InSight photographed the Martian dawn

“I am never tired of watching the sunrise on Mars.” Such a message was left on the Insight mission Twitter account by one of the NASA employees. It was illustrated by the corresponding animation made by the device on April 10, where you can see the Sun rising above the horizon of the Red Planet.

The colors of Martian dawns and sunsets do not correspond to those that we are used to seeing on Earth. When the Sun is low above the horizon, the sky in this direction takes on a bluish hue. This optical effect is associated with dust particles in the atmosphere of Mars. Before sunset or just after dawn, the sun’s rays overcome a much thicker atmospheric layer than in the afternoon. The scattering of light on small dust particles (larger ones cannot remain suspended for a long time in a rarefied atmosphere) creates a characteristic blue halo around the Sun.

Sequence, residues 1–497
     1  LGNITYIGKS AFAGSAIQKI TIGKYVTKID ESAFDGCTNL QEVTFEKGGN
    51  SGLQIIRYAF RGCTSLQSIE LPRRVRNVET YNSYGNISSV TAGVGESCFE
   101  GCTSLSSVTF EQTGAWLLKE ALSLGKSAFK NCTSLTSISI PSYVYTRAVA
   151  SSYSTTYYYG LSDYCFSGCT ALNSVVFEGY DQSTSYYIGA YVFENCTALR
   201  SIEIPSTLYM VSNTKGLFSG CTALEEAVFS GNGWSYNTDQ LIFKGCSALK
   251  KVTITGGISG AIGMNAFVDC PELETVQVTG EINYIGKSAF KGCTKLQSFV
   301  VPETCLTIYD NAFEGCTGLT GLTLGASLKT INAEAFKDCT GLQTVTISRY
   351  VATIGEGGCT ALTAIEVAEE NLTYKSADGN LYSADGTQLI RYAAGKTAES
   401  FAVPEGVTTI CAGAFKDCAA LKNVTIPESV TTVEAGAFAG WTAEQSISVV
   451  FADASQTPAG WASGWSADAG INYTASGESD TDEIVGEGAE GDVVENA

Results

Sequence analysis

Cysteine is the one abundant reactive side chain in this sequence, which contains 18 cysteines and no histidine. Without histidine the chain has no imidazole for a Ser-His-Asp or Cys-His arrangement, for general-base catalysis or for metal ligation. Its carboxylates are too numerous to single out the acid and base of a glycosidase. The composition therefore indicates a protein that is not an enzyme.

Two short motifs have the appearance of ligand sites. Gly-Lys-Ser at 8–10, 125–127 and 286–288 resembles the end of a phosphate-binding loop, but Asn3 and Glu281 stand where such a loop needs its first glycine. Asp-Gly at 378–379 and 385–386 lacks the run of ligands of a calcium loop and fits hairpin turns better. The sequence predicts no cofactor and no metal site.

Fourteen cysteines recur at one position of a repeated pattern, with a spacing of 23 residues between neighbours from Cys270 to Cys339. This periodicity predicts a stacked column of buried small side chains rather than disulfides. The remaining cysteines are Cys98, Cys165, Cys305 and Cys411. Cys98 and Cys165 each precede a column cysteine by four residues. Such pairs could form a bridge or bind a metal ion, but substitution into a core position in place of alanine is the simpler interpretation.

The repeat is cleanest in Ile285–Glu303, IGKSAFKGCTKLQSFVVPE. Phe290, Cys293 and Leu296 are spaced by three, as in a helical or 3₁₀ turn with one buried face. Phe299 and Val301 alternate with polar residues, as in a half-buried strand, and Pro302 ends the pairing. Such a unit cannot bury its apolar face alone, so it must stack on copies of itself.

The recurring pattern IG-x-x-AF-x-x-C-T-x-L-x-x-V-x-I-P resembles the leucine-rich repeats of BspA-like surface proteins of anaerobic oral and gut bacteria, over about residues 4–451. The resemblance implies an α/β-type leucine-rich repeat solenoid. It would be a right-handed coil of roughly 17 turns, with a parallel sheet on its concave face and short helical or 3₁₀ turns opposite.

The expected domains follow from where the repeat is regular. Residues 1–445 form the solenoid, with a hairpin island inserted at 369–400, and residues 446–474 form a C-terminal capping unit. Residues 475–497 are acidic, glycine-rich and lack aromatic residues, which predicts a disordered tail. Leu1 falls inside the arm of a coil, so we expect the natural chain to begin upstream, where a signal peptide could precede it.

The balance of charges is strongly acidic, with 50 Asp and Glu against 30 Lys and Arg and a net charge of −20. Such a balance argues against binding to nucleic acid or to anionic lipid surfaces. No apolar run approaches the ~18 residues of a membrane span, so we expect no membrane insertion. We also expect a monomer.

As for the visible dimensions, when observed from Mars, the diameter of the solar disk is on average 62.5% of its size in the terrestrial sky. The red planet receives 2.5 times less sunlight than the Earth.

Recall that the InSight apparatus is experiencing significant difficulties associated with dust accumulated on the surface of its solar panels. Because of it, the probe began to receive much less energy than before. According to the latest forecasts of NASA engineers, if something like a tornado does not pass through InSight, which will clean its batteries, the apparatus will freeze by the end of 2022.

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